Friday, January 4, 2008

0. Lessons learned from two years of hard knocks experience

Michael W. Davis

(a.k.a Big Mike)

Author of: Tainted Hero (Champagne books, 12/07), The Treasure (Golden Acorn Publishing, 12/07), Forgotten Children (Champagne books, 6/08)


It’s been two years to the day from when I dove into the quagmire of the writing profession till I actually stuck my head about the swamp and got my first novel published. Along the journey, I learned a lot of things, some work, some don't. Over the next year, I'll post articles aimed at sharing what I've learned. My intent will be to provide a candid reflection, but of course, the opinions will be my take on the ride to date. Courses are taught in this stuff, so what I offer are strictly my newbie opinions. I plan to discuss the following topics:

1. Dark side of fiction writing

2. Fiction writing realities - the uphill climb

3. How stories evolve and take on a life of their own

4. Where do stories come from?

5. What was the biggest surprise to writing fiction?

6. Why write - the expected return

7. Success - what does it take?

8. Watch out for the extended hand

9. Creating a completed Manuscript –What is the process, how long does it take?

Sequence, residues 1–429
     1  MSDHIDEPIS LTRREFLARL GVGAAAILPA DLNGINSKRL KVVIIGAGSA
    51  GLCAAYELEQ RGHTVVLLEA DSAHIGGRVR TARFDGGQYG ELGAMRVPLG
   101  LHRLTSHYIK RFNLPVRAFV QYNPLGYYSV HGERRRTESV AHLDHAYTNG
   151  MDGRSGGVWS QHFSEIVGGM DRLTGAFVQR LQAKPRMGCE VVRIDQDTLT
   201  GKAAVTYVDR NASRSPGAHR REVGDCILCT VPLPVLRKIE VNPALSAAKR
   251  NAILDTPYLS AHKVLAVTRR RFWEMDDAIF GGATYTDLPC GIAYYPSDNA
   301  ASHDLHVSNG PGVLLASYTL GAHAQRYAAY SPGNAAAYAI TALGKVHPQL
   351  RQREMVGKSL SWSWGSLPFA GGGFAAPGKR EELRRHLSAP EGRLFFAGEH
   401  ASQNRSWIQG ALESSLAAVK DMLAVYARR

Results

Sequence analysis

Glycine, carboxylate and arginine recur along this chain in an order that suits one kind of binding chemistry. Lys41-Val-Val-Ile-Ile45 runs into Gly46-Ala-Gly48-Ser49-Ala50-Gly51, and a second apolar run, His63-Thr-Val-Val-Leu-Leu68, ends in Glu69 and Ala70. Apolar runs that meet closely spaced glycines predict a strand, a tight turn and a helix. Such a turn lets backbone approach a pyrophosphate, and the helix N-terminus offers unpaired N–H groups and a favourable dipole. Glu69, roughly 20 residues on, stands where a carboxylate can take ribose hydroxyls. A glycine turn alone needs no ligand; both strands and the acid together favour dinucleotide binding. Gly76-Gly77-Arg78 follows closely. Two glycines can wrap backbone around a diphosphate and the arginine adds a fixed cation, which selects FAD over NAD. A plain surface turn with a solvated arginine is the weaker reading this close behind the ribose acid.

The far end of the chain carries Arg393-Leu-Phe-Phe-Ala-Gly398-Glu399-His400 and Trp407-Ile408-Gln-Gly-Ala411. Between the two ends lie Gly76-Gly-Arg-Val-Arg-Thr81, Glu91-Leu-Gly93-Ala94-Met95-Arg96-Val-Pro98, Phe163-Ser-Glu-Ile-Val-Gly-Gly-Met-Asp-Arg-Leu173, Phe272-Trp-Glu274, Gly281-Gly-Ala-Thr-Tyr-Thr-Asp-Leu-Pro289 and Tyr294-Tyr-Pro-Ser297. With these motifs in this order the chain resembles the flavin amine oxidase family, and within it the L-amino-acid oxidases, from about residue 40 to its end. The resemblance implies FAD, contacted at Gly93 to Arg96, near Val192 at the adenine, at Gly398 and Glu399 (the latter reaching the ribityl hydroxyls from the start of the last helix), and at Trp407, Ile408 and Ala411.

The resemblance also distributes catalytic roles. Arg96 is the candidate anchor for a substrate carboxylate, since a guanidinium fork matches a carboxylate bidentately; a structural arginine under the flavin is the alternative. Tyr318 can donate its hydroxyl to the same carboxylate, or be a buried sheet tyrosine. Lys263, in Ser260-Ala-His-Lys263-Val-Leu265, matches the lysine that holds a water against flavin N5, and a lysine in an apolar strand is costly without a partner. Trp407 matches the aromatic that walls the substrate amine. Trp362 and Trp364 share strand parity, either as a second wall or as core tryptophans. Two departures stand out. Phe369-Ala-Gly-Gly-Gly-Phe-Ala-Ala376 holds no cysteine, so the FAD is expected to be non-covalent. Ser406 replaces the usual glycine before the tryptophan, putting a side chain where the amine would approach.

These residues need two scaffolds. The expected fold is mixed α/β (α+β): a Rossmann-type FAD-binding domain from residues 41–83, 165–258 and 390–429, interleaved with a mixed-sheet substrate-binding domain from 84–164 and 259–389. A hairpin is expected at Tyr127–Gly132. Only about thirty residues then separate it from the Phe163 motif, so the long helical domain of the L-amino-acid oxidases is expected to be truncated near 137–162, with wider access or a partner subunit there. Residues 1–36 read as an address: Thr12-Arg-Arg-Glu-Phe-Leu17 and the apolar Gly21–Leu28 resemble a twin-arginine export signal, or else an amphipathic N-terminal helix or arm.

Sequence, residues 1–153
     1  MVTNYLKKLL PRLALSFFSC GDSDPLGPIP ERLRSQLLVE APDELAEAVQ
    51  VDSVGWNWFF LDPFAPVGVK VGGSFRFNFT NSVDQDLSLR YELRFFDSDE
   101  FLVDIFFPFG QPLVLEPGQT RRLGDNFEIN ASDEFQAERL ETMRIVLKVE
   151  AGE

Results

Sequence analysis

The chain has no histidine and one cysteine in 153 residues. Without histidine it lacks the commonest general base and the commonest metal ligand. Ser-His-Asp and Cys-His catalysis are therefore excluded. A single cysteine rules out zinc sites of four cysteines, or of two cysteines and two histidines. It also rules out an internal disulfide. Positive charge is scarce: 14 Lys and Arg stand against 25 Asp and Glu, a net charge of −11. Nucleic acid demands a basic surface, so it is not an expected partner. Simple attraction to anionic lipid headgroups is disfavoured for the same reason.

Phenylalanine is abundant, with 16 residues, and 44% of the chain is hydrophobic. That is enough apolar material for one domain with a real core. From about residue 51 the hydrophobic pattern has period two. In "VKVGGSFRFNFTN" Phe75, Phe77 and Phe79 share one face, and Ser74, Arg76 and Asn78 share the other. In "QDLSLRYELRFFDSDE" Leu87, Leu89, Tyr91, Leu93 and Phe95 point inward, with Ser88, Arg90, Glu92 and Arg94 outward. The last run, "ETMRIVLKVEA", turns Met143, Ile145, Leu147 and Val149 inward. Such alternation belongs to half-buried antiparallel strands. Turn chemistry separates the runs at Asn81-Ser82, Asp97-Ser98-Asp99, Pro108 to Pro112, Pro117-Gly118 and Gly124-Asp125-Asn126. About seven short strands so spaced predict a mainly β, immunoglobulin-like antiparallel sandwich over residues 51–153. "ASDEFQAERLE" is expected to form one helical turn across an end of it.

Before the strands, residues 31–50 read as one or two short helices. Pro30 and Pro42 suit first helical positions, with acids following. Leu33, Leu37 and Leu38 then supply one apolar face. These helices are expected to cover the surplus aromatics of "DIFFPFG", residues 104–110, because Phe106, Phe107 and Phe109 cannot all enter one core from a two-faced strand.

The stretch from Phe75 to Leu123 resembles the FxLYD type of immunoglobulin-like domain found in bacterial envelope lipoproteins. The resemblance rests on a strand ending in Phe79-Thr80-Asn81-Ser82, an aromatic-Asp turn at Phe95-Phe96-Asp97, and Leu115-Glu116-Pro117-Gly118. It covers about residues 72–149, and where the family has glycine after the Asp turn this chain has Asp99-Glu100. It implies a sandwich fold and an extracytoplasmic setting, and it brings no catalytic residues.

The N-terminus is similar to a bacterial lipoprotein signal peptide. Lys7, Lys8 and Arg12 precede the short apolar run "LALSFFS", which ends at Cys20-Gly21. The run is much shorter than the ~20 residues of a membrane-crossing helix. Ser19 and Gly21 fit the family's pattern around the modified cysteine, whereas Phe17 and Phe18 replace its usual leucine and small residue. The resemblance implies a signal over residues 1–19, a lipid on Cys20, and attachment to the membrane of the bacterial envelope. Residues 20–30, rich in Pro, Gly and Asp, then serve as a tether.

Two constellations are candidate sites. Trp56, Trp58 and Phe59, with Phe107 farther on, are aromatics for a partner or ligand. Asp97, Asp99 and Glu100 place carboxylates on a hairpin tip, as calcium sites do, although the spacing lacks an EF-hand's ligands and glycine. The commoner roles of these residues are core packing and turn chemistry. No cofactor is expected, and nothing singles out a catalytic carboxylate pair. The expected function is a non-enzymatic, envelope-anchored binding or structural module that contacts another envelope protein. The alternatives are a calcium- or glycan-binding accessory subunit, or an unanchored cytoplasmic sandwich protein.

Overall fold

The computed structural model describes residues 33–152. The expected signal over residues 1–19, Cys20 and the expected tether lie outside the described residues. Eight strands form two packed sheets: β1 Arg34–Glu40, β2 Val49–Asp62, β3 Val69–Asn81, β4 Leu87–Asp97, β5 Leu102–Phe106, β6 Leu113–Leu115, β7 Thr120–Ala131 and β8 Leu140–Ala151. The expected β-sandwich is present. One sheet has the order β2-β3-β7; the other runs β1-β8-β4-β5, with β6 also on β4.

10. Things that define a good script

11. How do you create characters?

12. Where do scenes come from?

13. Introspection - the key to enveloping the reader

14 The importance of research, factuality, and detail

15. POV – the unyielding path

16. How to recognize when your script is honed enough?

17. The submission process - what to expect

18. Self promotion – why do it? The promo plan

19. Self promotion- Your choices and their relative merit?


Before discussing what I learned across a two-year journey into the frustrating (but sometimes rewarding) fiction-writing world, we need a little background on who the heck this big guy is. Roughly two years ago I retired from 35 plus years in support of the military and intelligence establishment. I was left with the quandary, “What in the world do I do with myself?” At first, with all the free time, I re-initiated my predator/prey chase routine of following my mate around the room like a love struck hound dog. Unfortunately, not being the young stallion I once was, this burned out quickly (especially when she started carrying a sidearm around her waist).

I had always wanted to write fiction, but never had time because of the numerous family crises, or emergencies at work. Given I had written probably ten thousand pages across my career in the technical world, I made the arrogant self assessment, “Of course I’m qualified to write fiction. No big difference. I’ve written technical articles, reports, even had a book published by Prentice Hall, piece of cake.” Not! How naive I was. I had the ideas, the drive, but I was missing a critical recognition, namely; writing something that draws people away from their lives, creates stories/characters that are real to them, makes them feel good if only for a moment, it’s different, and its harddddd. It is a shift from anything most of us have done, and it is a learned skill, something that takes time, and patience to cultivate.